It is well settled that an improper method of handling cargo employed by a stevedore can create an unseaworthy condition. Morales v. City of Galveston, 1962, 370 U.S. 165, 170, 82 S. Ct. 1226, 8 L. Ed. 2d 412; Marshall v. Ove Skou Rederi A/S, 5 Cir. 1967, 378 F.2d 193, 196. Thus, the determinative question on this appeal is whether or not defendant employed an improper method of handling cargo.
Baker v. S/S Cristobal, 488 F.2d 331, 332 (CA5, 1974). For a lengthy catalogue of some of the federal cases holding unsafe unloading to be unseaworthiness, see Blassingill v. Waterman Steamship Corp., 336 F.2d 367 at 369 (CA9, 1964). The crowded conditions and the fog were conditions that had been in effect for several hours and are not even arguably 'instantaneous unseaworthiness.'
(3). The issue of signals. The winch operator was 'blind,' unable to see into the hold because of the construction of the ship. A derrickman was 'flagging' the winch by receiving signals from the men in the hold and in turn signaling to the winch operator. The derrickman testified that just before Shephard was hurt a pallet was loaded into the hold, and he saw a man reach around and unhook the spreader bar and give a signal. He described it this way:
I saw the figure of a man, giving me a signal, because it was just that vague, and I hauled up, to bring it to the offshore side to pick up a load, and that's when somebody hollered, 'A man is hurt.'
It was for the jury to decide whether this ambiguous reference related to impaired visibility because of the fog or vagueness of the meaning of a perceived signal. Also the derrickman described the foggy condition in the hold as 'really bad down there,' and explained that he could not see all of the men but could see those closer to him.
(4). The foggy condition in the hold. While acknowledging that the hold was filled with vapor or fog, the majority meet appellant's argument concerning visibility by selectively extracting from the testimony evidence that tends to show that visibility was not impaired-- i.e., that the longshoremen were able to identify numbers on the packages of meat and that longshoreman Jones had been able from a distance of 15 to 17 feet to see details of the accident. Only a few of many references in the testimony serve to demonstrate that impairment of visibility was for the jury and not for judges, trial or appellate:
Q. Wait just a minute. What did the fog have to do with the hook hitting him?
A. (Longshoreman Mills, Shephard's partner) What I mean, well, it was all foggy, and you couldn't hardly see nothing, you understand. It was awful foggy, and you couldn't see nobody else down there.
Q. You couldn't see anything?
A. No, sir, it was awful foggy.
Q. How could you load the pallet board if you couldn't see anything?
A. Well, we've got to try to work anyhow, you understand. You got to do the best you can.
Q. You say it was foggy. Do you know what was causing that fog?
A. Well, I don't know what caused the fog, but it was awful foggy. You couldn't see nothing at all.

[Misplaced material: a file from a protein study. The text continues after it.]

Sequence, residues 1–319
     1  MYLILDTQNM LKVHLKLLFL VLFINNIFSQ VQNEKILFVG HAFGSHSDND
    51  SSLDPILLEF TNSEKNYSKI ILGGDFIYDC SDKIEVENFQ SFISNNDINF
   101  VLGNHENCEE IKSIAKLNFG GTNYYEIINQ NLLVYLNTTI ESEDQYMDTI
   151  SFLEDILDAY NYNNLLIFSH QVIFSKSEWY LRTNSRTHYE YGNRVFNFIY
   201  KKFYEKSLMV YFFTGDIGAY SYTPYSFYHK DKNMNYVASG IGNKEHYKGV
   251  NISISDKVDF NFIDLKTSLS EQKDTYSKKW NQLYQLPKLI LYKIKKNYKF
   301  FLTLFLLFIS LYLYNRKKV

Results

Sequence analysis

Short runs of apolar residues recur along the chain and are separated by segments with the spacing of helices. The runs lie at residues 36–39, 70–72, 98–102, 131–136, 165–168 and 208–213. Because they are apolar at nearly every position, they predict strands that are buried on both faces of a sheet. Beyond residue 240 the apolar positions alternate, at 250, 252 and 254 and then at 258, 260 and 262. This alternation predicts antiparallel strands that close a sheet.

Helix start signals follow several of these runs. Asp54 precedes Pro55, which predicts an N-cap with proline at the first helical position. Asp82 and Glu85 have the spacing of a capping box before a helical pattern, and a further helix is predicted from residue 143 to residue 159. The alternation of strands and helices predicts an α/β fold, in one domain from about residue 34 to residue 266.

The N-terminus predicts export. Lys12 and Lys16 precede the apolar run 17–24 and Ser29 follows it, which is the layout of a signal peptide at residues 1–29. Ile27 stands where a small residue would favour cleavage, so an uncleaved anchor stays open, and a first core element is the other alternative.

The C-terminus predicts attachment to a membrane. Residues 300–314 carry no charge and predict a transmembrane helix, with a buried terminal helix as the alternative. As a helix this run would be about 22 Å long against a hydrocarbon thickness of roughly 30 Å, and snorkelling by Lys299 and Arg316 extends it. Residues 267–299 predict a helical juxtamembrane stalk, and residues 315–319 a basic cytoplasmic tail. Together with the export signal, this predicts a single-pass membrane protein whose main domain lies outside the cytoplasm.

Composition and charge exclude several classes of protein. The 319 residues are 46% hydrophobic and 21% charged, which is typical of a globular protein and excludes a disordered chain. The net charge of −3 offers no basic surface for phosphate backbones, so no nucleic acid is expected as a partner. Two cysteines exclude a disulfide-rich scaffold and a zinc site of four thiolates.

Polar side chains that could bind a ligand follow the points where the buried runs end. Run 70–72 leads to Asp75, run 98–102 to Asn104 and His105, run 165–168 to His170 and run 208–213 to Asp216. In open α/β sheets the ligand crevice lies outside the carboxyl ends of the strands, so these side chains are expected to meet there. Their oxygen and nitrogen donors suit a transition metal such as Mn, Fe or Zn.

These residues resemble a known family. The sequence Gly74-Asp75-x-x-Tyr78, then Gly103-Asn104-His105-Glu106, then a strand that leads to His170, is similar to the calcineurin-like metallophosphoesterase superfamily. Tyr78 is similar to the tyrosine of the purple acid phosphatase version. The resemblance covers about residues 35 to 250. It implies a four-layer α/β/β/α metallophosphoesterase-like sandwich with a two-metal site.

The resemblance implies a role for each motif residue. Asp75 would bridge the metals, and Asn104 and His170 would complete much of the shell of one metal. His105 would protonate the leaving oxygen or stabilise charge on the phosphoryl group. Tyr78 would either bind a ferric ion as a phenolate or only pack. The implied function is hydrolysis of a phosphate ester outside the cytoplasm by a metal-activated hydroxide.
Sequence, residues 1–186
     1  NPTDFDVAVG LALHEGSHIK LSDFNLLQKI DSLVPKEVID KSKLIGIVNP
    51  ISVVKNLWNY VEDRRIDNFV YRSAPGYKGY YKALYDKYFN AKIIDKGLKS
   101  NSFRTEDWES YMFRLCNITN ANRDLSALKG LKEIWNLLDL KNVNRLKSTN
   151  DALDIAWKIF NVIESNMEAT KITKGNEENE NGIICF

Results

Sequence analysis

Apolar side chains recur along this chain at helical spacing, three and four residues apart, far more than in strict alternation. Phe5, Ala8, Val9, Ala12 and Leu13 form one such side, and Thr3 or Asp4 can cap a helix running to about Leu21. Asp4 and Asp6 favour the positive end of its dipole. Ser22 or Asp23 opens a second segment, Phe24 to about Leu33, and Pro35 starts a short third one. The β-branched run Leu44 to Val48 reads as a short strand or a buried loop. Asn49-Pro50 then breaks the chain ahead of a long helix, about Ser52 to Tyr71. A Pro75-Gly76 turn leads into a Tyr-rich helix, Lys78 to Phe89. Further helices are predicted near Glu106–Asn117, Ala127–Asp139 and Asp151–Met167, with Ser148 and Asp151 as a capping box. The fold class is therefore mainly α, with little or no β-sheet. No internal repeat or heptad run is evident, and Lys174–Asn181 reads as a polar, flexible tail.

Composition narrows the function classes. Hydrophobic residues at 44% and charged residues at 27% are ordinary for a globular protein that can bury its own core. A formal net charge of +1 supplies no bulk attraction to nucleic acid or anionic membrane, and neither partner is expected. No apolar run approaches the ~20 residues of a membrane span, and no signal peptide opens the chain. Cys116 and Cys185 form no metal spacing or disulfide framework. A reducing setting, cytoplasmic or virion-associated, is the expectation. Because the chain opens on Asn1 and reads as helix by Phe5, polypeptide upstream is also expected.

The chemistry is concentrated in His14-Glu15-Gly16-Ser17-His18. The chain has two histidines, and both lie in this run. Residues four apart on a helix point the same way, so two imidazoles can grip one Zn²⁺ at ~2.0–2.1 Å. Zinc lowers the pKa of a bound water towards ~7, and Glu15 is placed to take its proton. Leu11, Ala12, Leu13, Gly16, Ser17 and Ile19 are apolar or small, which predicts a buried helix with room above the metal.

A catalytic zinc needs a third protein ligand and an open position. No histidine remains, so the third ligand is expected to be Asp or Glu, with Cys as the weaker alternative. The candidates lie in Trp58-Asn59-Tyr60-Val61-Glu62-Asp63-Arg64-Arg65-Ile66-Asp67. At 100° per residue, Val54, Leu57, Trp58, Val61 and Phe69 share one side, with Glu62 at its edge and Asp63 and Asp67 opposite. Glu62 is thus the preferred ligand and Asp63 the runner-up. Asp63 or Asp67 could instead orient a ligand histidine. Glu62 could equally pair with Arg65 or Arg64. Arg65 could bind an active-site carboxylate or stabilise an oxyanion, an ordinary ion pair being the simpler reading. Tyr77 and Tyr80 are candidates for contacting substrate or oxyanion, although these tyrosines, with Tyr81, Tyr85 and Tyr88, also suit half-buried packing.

A. . . . After he got hurt, we still kept on working, but it was still too hard to work down there.
Q. Why do you say that, 'it was too hard to work'?
A. Well, you still couldn't see anything. You can't see in the hold when it's foggy like that.
Q. Did they have lights?
A. Are you kiddin'? Just like I told you, or anybody else, the lights they had on ship, you couldn't see with the lights. It was just that foggy.
I have not attempted to lay out everything in the record relevant to these issues. This kind of exploration of factual issues is for the trier of fact. I respectfully dissent.
46 U.S.C. 688
As a result of the 1972 Amendments to the Longshoremen's & Harbor Workers' Compensation Act (86 Stat. 1251) this typical Ryan-type (see Ryan Stevedoring Co. v. Pan Atlantic S.S. Corp., 350 U.S. 124, 76 S. Ct. 232, 100 L. Ed. 133 (1956)) indemnity action is no longer permitted. The accident in the present case, however, occurred prior to these Amendments
Julius Mills, longshoreman, testified on cross-examination:
Q. Mr. Mills, are you saying the chains and spreader bar were attached to the hook?
A. Wait, Cap, let me tell you. I told you all exactly how it happened. I said when they lowered the whole thing down, that's what hit him.
Q. You say nothing came loose?
A. Nothing came loose, no sir.
Mills' testimony was typical. On cross-examination Elson Jones, longshoreman, said:
A. I seen the whole spreader bar and the hook land on his head.
BY THE COURT:
You said, if it came down, the whole thing would come down, is that right?
Q. Couldn't the spreader bar have come loose from the hook and fallen on him?
A. No. Matthew Conner, a Union delegate who was called aboard the vessel, was asked by defense counsel:
Q. Nothing came loose?
A. Nothing came loose that I saw.
Chaz Ward, longshoreman, was asked by the Court?
Q. Did one end of the spreader bar come loose, and then the hook on the other end hit him?
A. No, it didn't come loose.
Matthew Conner testified that the fog was 'a medium fog probably' and was then asked what caused the fog, to which he replied, 'As usual fog will come when you are working with frozen meat down in the lower hold.' Nathan Bell was asked on direct examination if he had ever worked reefer (refrigerated) cargo in the lower hold. He said that he had and was then asked, 'Is it foggy down there when you are working reefer cargo?' He replied, 'It is.' Elson Jones on cross-examination said, 'Well, with the frozen foods, there's always a lot of fog; when the food is frozen.'
In Wilson v. Societa Italiana de Armamento (Sidarma), 409 F.2d 484, 485 (CA5, 1969), cited by the majority, the district court as finder of fact in a bench trial had found the allegedly cramped area not unsafe. On appeal we found this factual finding not clearly erroneous and held also that cramped conditions were not unsafe as a matter of law. This is hardly authority that where there is evidence of unsafe and dangerous conditions from overcrowding, the court may hold the conditions safe as a matter of law